should be prosecuted.

Seaofclouds's avatar

I didn’t read it like @nikipedia was suggesting prosecuting the patients, instead that she was questioning if alternative practitioners should be working with conventional practitioners instead of on their own.

Thammuz's avatar

If something goes wrong and somebody sues them, i’d simply force them to perform a double blind test on their methods, at their own expense but monitored by the authorities, and if it turns out they don’t work I’d charge them with fraud and convict them without trial, since the proof that they were payed for services they were not actually providing (curing people) is already on the table (Proof being the double blind test). Easy and inexpensive.

Thammuz's avatar

@Draconess25 nikipedia did write “So can the alternative medicine practitioner offering this alternative treatment be held liable if the patient dies?” So i don’t think it’s fuzzy at all.

Draconess25's avatar

@nikipedia Personally, I don’t think they should be held liable. It was the patient’s choice, & it’s their own damn fault if they get screwed.

Facade's avatar

Only if a regular doctor is held liable for their patients’ death. (I’m not sure of the law)

casheroo's avatar

Agreed @Facade
A doctor or practitioner don’t kill patients..the cancer does. I’m sure a doctor never says “We’re going to 100% beat this” unless it’s possible. And I would hope no one would say “I can cure you!” and use some crap and the person gets worse.
I imagine (or, I guess in my own mind how I would react) that people seek unconventional treatments when the chemo stops working. I mean, hey? it’s worth a shot right? And maybe it doesn’t make them feel sick and miserable, so they just try.

gorillapaws's avatar

These alternative treatments are fraud. In cases where alternative medicine practitioners actively steer people away from treatments that could have prevented the patient’s death, they should be charged with voluntary manslaughter. I have heard many stories about people delaying or forgoing proven treatments in favor of alternative therapies, only to have that decision cost them their lives. It’s a repugnant industry.

If they can prove the efficacy of their treatment in a well-controlled, double-blinded study, then by all means, let them do it, but without such evidence, the types of claims they make need to be put in check.

mattbrowne's avatar

Yes, unless alternative medicine practitioners send patients to traditional doctors if necessary. Like after a diagnosis of diabetes type 1.

Acupuncture can help people with pain. And we know why: release of endorphines. But a lot of the alternative stuff is total nonsense.

Trillian's avatar

@nikipedia What are you using bold with me for? I never said anything about who was to be prosecuted. I simply wondered who you expected to pay for the cost of a choice that a person didn’t want. I said how are you gonna force someone to pay the cost of a choice you think they should make?

nikipedia's avatar

@Trillian: I never said anything about forcing people to make a choice they didn’t want. Please re-read the question.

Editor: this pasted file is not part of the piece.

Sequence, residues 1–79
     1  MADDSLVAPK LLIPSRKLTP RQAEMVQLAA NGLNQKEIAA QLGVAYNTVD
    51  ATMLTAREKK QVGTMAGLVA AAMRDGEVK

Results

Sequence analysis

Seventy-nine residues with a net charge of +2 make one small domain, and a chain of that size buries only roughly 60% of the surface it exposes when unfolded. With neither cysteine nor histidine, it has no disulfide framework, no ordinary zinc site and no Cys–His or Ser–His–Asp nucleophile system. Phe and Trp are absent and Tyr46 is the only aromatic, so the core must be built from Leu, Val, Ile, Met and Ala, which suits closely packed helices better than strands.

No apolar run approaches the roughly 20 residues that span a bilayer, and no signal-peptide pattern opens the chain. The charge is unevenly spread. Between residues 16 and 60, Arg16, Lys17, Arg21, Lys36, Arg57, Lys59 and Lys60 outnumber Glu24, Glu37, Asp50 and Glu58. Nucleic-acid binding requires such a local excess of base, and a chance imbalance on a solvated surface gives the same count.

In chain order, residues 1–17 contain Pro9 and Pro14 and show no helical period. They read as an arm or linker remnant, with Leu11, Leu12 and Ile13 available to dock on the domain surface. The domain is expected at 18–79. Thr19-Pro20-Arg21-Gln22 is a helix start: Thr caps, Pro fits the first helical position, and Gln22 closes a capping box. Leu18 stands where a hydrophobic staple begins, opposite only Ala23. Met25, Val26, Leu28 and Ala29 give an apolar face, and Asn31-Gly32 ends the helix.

Trillian's avatar

@nikipedia You said “Should it be illegal for alternative medicine practitioners to be the only source of medical care in some situations?“and;
”...a potentially fatal illness that conventional medicine has good but not perfect odds of treating (e.g., some kinds of cancer). and;
“As far as I know, this person can forgo conventional medical treatment completely and choose to be treated either by an alternative medicine practitioner (or not at all).”
Since these treatments are already available, how would you suggest that they be regulated? Who gets to decide “which situations”? You cannot now try to take away from free enterprise and suggest to people “You must seek conventional treatment, even though you prefer this alternative therapy.”
Do you see what I’m saying? Yyou want to know if it should be somehow illegal, and I say that you are suggesting a further intrusion of the federal government into our life choices and what a complete nightmare it would be trying to regulate something like this. It could be argued with lawmakers for years just trying to decide on appropriate language and anyone with a good working knowledge of English could still get around any law out there. And then you’d have to decide if this were to be regulated state to state, or would it be federal? We’re irritated and in disagreement right now about the government telling us about labeling and adding salt to our food. Can you imagine the uproar that something this big would cause? You want to take away choices that people now have and force them into what YOU think they should do, even when you admit that not all conventional treatment is efficacious.
I am answer ing your question in another way. It cannot be done. Alternative treatment exists and it works for many for whom conventional treatments do not. You can not sue a Doctor for failing to heal someone unless he is proven to be negligent. You could apply the same thing to any alternative healer, but it would have to be on a case-by-case basis, not something sweeping and across the board.
And you ignored my original question and answered to a position which I did not initiate or acknowledge. It sounds to me like you want alternative treatment practitioners to be eliminated across the board. This takes away choices for people. If I misinterpreted I here beg leave to apologize, but my question stands, as does my answer.